Perhaps New Haven’s greatest – and hands down most patriotic – showing of almost-public art burst into the sky from the top of “Indian Head” Rock just east of East Rock
It was the annual Fourth of July fireworks display, postponed to Saturday because of rain. Set to a soundtrack that also included a 10-minute loop of Bruce Springsteen’s Vietnam-themed “Born in the USA” and John Phillip Sousa’s “The Stars and Stripes Forever,” the nearly 30 minute demonstration lit up the sky to oohs, aahs, and the occasional New Havener singing along. (Click on the video to see and hear highlights.)
Particularly dazzling were a series of fireworks that blinked in and out like great fireflies in the night, leaving in their wake a black tarp of sky pulled canvas-taut for the next pyrosplatter (most evident in the video).
Or red, white and blue explosions that drew sharp whistles and murmurs of admiration from the diverse crowd, which included kids of all ages.
Some of these delighted even further, transforming long, spindly-legged things into red-hot balls of light streaming stars.
“It’s a very nice thing they’ve done for the community,” said new New Havener Harlene Sullivan (pictured), a transplant from New Britain. Son Isaiah – whilst learning to take his first patriotic selfie (pictured below), replete with backwards face paint – expressed joy at the fireworks with a shriek of laughter and quick “Yes!”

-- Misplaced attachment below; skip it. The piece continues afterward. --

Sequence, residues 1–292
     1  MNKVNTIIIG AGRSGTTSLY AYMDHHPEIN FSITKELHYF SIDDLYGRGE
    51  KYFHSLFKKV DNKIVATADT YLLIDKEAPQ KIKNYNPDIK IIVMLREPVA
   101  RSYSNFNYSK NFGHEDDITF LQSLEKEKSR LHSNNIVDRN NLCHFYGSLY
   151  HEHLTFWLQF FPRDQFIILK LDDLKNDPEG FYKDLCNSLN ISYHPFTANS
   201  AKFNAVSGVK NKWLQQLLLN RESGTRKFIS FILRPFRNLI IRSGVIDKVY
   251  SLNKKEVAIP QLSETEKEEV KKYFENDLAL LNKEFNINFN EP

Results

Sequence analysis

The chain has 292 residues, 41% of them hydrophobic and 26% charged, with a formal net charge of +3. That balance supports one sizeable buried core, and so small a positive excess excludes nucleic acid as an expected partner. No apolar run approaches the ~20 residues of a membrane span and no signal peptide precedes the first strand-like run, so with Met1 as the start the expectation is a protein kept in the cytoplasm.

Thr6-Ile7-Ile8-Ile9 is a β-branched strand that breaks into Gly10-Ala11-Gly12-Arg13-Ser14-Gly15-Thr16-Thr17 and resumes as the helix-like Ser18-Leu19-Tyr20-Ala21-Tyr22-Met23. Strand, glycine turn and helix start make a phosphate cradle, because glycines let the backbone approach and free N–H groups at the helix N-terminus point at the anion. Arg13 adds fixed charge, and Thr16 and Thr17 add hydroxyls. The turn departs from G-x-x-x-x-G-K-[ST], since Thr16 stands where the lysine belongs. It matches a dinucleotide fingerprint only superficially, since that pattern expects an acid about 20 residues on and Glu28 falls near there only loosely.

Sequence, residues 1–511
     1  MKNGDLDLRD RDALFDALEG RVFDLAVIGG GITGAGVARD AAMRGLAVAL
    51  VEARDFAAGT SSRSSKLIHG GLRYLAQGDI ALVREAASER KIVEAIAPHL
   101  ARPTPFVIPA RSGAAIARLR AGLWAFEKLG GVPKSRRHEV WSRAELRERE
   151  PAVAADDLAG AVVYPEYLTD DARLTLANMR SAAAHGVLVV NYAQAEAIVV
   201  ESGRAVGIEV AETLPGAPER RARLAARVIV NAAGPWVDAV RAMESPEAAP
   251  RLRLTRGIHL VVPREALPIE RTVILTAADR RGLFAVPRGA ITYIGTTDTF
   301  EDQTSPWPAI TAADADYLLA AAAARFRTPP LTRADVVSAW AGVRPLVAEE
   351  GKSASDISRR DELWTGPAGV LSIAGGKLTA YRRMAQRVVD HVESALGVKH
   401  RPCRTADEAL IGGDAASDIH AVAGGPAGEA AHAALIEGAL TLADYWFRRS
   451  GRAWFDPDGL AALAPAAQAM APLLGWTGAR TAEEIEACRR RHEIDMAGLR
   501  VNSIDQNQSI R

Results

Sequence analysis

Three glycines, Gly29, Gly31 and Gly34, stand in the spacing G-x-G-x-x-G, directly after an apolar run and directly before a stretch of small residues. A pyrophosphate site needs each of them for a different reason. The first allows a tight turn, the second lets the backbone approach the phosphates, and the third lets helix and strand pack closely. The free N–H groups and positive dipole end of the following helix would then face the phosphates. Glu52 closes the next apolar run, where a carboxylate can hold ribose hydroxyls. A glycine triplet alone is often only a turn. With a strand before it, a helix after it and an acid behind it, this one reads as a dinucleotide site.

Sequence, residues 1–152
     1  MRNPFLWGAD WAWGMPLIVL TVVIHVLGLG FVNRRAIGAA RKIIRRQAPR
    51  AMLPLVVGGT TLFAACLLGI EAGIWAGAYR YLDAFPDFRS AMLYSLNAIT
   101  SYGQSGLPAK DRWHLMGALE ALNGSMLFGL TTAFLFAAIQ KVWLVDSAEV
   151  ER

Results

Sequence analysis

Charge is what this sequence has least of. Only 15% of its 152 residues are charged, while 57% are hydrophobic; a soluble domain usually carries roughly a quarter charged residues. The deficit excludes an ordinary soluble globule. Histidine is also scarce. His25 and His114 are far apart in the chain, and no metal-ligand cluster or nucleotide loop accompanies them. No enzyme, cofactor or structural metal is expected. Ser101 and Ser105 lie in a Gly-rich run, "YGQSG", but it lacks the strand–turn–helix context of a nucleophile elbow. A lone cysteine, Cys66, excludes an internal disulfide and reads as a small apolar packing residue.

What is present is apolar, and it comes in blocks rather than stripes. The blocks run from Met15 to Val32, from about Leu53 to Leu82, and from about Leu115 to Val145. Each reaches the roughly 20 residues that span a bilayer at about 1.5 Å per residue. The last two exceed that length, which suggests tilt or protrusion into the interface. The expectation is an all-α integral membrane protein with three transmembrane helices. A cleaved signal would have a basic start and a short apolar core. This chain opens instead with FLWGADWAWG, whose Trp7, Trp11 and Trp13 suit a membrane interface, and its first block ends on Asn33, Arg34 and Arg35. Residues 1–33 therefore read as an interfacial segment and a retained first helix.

As in any exhibition, some of the best surprises were saved for last. During “The Stars and Stripes Forever,” several fireworks stretched across the sky like fingers from a large palm, hanging majestically (if not a bit frighteningly) over viewers at the foot of East Rock, their familiar sky turned into an IMAX screen for mere moments.
And the finale? Downright American, honoring the country as a “beacon of freedom” as a panoply of fireworks overlapped in great, booming succession.
“The fireworks were wonderful,” said Jennie Waldow, a young Manhattanite who has come to know New Haven over years of visiting friends here. “It was great to see the New Haven community out in full force, enjoying the music and festivities.”
Little did Waldow know, she had hit the nail on the head, or rather, set the match to the wick (or the hands to the explosive lever): As families young and old, groups of friends, and canoodling couples gathered under the loud and glimmering sky, they were celebrating not just America, but a specific community within it.
How fitting then that it exploded into magnificent color as the fireworks ended, the sound of laughter and conversation wafting from the top of East Rock to the base of Orange Street and beyond long after the smoke had cleared and the sky had become again quiet, twinkling with the occasional star.